Tips for Inclusive Content
Creating an inclusive setting within the purview of your business may seem like a daunting task, but study after study has proven that committing to an inclusive and diverse environment can benefit both employee and employer. The impact of this commitment can bring about varied experiences and perspectives that enable and promote problem-solving, creativity, and open dialogue. In allowing employees to witness that not every task needs to be approached and completed the same way each time, they are liberated from the potential banality, or dangers, of groupthink. With proper attention paid to key content components, organizations are paving the way for a more dynamic and effective staff making employee partnerships more fruitful than ever.
1. Accessible Web Design
Inclusive writing is likely to lose impact if your website design prevents employees from reading it. Making sure screen readers can interact with pages for the vision impaired, captions are added to video for the hearing impaired, assistive technology like keyboard navigation is utilized for the physically impaired, and accounting for excessive motion in your design elements and color contrasts are all great starting points. With many tools available online to test these attributes, you may end up improving your content while inviting diversity to your business.
2. Accessible Writing and Formatting
Formatting content is another avenue for inclusive content. Skimmable articles for those with dyslexia, ADHD, or learning disabilities are not only a highly recommended reading comprehension technique, but also good for search engine optimization (SEO). Clear headers, block quotes, and bulleted lists all help break up large chunks of text making it easier to skim.
3. Inclusive Language
When producing content and staying focused on inclusivity, it’s helpful to avoid gendered language. Neutral, alternative terms such as businessperson, human beings, people, and councilperson help you avoid word choices that may be interpreted as biased, discriminatory, or demeaning by implying that one gender is the norm.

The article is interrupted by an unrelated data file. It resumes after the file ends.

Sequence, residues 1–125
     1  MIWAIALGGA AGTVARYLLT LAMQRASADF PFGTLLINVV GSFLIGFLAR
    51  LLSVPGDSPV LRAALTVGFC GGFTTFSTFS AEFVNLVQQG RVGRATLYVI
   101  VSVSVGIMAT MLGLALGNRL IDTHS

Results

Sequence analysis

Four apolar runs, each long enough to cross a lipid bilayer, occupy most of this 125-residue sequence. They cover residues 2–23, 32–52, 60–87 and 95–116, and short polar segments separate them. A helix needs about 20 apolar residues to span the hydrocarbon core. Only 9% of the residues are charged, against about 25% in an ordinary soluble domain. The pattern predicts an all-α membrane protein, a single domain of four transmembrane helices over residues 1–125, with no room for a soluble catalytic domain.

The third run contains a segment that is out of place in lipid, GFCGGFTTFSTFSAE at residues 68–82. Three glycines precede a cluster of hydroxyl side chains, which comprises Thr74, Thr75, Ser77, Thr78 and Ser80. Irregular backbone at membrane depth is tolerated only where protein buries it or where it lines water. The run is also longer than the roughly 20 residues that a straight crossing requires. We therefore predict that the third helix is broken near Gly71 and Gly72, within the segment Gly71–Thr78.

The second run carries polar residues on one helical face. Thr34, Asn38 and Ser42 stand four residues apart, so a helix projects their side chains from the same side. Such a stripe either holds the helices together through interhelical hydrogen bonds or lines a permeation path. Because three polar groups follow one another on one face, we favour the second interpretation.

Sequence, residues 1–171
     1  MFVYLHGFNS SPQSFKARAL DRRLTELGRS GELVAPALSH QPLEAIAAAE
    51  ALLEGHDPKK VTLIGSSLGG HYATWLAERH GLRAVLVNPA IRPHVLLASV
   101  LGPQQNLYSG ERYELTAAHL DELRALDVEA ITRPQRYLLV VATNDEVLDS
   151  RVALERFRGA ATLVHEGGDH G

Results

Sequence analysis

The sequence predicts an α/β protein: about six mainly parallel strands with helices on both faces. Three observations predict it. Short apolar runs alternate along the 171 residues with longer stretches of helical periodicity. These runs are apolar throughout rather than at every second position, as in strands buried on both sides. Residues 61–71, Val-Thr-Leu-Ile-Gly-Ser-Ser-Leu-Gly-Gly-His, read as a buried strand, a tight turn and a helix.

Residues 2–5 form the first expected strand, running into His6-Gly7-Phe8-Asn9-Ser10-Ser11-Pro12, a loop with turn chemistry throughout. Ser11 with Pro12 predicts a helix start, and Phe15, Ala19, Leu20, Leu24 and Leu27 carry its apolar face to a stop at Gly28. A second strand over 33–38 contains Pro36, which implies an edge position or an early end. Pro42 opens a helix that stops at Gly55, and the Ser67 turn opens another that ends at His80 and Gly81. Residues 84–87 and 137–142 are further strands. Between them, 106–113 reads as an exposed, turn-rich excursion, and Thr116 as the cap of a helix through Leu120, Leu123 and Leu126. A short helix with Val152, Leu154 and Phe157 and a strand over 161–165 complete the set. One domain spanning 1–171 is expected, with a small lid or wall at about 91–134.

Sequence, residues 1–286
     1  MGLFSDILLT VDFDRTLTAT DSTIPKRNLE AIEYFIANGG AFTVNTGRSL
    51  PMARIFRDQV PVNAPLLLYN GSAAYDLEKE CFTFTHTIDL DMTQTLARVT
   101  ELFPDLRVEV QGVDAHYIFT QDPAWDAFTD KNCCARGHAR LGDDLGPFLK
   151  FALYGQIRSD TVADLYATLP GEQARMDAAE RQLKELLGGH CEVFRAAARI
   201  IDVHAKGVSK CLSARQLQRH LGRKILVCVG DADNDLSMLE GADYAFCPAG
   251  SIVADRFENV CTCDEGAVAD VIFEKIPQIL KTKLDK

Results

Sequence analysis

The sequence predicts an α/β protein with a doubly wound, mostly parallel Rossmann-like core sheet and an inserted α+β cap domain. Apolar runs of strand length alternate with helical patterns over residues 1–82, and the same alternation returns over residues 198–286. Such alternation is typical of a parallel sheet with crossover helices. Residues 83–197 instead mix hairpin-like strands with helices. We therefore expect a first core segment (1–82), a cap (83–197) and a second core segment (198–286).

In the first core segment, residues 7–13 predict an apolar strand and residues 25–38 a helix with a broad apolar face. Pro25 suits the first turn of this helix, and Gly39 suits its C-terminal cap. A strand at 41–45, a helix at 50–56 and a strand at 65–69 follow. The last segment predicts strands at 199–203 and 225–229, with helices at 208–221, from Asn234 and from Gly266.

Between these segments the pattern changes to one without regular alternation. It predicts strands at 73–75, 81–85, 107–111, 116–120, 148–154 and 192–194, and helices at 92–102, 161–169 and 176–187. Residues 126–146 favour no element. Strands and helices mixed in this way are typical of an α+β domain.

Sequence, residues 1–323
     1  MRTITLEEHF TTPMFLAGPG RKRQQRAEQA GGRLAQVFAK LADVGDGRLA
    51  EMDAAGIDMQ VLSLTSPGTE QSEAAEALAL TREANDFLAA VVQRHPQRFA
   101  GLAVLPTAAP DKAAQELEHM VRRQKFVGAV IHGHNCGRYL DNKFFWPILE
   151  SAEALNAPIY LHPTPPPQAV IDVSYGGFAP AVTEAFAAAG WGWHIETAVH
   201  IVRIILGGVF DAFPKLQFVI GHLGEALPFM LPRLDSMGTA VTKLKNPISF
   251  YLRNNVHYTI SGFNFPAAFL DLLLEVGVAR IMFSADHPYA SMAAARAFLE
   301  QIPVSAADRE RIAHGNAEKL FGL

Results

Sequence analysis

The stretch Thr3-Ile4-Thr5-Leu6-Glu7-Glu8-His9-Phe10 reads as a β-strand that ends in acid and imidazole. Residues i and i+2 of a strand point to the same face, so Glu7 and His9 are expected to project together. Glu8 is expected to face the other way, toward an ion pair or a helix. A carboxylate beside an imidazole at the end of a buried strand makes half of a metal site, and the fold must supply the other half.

4. Negative Connotations
Many people find themselves using phrases that seem innocuous but in actuality, stem from harmful beliefs, are hurtful, or exclusionary. Phrases such as “that’s crazy”, “blindspot”, “blacklist/whitelist”, and “listen in” rely on discriminatory metaphors that can purposefully exclude others. Using phrases such as “unheard of” versus “crazy”, “explore” instead of “see” and “block/permit” instead of “blacklist/whitelist” ensure content is reaching every kind of person.
5. Diverse Imagery
Inclusivity means helping people feel like they belong anywhere they want to be, not just where someone believes they should be. The situations people are in, the jobs they do, and activities they’re involved in all help people see themselves represented in images. Representation has the power to make others feel seen as well as empowered.
Diversity and inclusion force us to question our values and beliefs and can free us from the pressure to conform to one way of life. Through inclusive content, we open the door to innovation and creativity by inviting all those who share our passions to drive organizational performance. This invitation has the potential to improve the quality of internal communication and collaboration across units and individuals.
About the Author:
Margaret Lill is an innovative content creator based out of Cleveland, Ohio. With six years of B2B marketing and content creation experience, she aspires to inform and educate through the written word. Click here to contact Margaret.
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